A good way to give you a feel for the intervallic relationships between the strings is show you how the good old fashioned A Pentatonic Minor shape looks transposed directly:
There are obviously more ways to play this so that the hand stays in the same position, but with this I can get my main point across - the notes on the 1st, 2nd, and 6th strings are 'moved' forward two frets. Playing a scale shape should be done with this in mind. Worth noting is the fact that the G and A strings are merely two semitones apart - so when playing a legato run and moving across those two strings, I usually just jump to the next position to avoid playing the same note twice accidentally. It's not at all necessary, again, but just a handy little thing to know when attempting to improvise.
Here's the same pentatonic played in the 7th position alone:
(Note the slide on the G string - this allows my left hand to get in position for the runs on the A and D strings. This also involves a little rolling motion from the G onto the A string, and if you haven't gotten than down it's definitely worth practicing)
Here's an A Major:
There are many different ways to play this - mess with the shapes and go with what's comfortable and sounds best to your ear. Remember that this is just a starting point and not a strict guideline!
Lastly, this is a tiny pentatonic based lick that I used to remind myself about the relationship between the G and A strings:
It's simple and yet is a good way to remember through the way they sound how those two strings were related (seeing as that was the hardest thing to wrap my initially-alternate-tuning-phobic head around at first).
Sample DADGAD Riffs
One of the most famous DADGAD songs would be Led Zeppelin's "Kashmir". Jimmy Page was a huge fan of the tuning, and recorded a full-on guitar instrumental called "White Summer" in DADGAD which is worth checking out for more insight on the tuning. It's a great song both to listen to and to dissect, but something like that is beyond the scope of this article for now.
Here's one of the riffs from "Kashmir", showcasing the use of open strings that DADGAD allows:
This iconic riff has a D5 running through it in the form of the open D and A strings, while a descending minor scale is played on the high D string. That coupled with the descending chromatic on the G string gives a really cool, sort of middle eastern feel, while the constancy of the D root in the open strings allows it to resolve nicely with that final D note.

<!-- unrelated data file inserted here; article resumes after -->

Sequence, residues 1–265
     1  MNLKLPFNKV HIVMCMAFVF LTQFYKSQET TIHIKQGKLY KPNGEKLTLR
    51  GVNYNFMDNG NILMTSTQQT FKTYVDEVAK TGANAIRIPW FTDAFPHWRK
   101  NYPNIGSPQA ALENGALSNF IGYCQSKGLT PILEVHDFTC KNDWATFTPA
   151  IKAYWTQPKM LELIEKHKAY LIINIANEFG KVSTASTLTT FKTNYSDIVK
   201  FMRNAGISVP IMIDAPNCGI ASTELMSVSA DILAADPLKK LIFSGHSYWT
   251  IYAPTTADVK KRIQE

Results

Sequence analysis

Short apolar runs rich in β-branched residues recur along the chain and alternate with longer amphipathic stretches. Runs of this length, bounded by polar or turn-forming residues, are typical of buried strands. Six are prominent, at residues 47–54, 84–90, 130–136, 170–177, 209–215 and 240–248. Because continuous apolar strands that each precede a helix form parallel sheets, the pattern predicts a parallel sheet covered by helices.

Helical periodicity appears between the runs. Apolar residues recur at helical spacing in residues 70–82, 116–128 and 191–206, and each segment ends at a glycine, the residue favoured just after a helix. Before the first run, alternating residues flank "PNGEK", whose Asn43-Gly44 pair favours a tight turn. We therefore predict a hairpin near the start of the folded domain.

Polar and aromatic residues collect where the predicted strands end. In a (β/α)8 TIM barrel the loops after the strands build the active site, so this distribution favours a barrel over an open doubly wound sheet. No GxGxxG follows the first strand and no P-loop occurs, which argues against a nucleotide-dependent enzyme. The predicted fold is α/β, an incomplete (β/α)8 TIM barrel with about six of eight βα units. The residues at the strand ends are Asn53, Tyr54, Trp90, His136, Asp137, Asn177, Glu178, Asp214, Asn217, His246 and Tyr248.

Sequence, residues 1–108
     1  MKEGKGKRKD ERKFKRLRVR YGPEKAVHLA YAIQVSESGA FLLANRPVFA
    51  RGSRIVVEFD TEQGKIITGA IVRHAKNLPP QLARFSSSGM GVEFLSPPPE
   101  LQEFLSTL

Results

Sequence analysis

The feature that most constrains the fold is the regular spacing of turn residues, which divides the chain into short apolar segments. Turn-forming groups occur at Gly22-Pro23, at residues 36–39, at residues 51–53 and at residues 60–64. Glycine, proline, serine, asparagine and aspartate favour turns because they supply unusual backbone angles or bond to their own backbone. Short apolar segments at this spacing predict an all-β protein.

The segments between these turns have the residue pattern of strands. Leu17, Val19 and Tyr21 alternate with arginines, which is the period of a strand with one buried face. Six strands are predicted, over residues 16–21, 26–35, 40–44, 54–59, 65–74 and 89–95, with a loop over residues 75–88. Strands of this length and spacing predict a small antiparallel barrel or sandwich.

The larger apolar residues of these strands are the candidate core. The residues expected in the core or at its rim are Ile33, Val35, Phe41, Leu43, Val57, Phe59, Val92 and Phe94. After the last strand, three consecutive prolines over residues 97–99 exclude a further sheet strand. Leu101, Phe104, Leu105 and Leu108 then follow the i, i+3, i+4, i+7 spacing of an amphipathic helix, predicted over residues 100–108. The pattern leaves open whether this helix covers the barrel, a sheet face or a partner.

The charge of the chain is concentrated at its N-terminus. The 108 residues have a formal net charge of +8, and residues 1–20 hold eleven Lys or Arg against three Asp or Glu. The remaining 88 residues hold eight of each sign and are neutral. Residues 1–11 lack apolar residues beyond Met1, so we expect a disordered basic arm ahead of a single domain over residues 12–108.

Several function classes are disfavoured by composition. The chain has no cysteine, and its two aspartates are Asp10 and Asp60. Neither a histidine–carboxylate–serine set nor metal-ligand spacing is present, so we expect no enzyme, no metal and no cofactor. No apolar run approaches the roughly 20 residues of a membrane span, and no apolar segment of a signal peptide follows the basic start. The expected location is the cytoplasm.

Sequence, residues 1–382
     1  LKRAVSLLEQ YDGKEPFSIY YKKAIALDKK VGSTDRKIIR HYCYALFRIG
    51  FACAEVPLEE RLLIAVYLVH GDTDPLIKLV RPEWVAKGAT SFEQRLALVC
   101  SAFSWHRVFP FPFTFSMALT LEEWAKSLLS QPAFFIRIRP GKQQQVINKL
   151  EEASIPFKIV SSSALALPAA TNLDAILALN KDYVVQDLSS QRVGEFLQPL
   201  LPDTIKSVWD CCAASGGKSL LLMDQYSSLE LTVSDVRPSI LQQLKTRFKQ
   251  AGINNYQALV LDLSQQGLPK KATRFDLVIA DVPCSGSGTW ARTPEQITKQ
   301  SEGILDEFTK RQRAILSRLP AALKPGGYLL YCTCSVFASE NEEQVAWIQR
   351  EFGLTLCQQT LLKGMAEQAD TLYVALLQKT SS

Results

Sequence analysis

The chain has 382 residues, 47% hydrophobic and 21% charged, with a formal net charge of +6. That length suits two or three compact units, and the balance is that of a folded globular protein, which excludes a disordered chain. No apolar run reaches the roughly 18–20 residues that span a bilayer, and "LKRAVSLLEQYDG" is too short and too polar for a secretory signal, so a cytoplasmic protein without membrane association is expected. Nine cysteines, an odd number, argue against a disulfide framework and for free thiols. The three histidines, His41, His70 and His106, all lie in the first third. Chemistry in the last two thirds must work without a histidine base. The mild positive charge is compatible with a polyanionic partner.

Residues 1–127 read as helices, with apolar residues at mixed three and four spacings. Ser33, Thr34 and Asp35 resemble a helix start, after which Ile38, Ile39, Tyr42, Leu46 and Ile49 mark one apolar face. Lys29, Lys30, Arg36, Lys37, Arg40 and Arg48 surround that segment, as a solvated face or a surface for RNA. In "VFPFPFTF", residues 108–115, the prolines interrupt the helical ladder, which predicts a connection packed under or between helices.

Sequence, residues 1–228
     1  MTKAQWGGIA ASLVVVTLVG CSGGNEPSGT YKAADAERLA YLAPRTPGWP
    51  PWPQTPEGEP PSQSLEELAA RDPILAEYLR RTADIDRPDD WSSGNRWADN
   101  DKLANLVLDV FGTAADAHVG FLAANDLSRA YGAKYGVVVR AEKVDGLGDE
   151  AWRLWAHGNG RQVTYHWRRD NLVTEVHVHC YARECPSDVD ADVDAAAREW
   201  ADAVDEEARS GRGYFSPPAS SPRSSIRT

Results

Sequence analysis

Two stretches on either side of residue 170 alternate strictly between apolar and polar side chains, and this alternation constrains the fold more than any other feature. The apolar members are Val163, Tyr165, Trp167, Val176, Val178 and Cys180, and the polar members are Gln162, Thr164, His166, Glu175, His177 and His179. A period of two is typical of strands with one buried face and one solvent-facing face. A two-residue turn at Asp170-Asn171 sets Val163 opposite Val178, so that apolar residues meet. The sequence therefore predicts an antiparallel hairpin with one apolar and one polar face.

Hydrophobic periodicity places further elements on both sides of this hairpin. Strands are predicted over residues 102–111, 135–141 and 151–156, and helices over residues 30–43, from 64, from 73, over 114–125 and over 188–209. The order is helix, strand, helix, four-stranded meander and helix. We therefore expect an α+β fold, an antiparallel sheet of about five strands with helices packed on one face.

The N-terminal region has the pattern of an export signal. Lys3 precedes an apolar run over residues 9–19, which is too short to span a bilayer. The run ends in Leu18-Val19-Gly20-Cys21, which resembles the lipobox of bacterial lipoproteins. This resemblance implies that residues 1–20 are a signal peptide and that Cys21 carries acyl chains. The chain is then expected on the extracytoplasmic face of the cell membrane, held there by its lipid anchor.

Here's another one - this one's a snippet of Andy McKee's "Drifting", and while he plays it with his left hand over the neck and his right hand tapping out some of the notes, this one riff is equally possible with a pick and still sounds similar.
While the song itself is largely in the key of E, what makes this little bit special is the Dadd9 near the end, which sounds rich and full with all the open strings ringing out. It's a pretty amazing sound that standard tuning simply cannot achieve.
This might seem like a bit of a redundant section, as anyone could figure out where to find octaves in minutes, but since it'll take me a second to type up and just might help someone out there I might as well include it.
Those are D, A, and G respectively. And now, on to the last section...
Advantages and Disadvantages of DADGAD
allows for heavy usage of open strings for a richer sound to even the most basic chords;
scale shapes are not all that different from standard, and the 'shift' on the altered strings is always two frets forward, so it's not that hard to get used to;
the relationships between the strings make this a great tuning for percussive fingerstyle guitar techniques, allowing you to play power chords with a single finger, and also to play slap harmonics that form an actual great-sounding chord (for example, try playing the 12th natural harmonic on the four higher strings).
chords beyond the basic triads, such as Maj7's, m7b5's, and so on might take a while to figure out and generally require some extraneous stretching.
That's all for today, folks. Let me know if it helped, or if it sucked so hard that you flipped a table and felt an urge to wrestle with an oversized walrus. This is my first article and constructive criticism is absolutely welcome. Hopefully if enough people find this helpful I might make more, as I've been messing with a whole ton of alternate tunings for a while and would love to share what took me some time to figure out. Thanks for reading!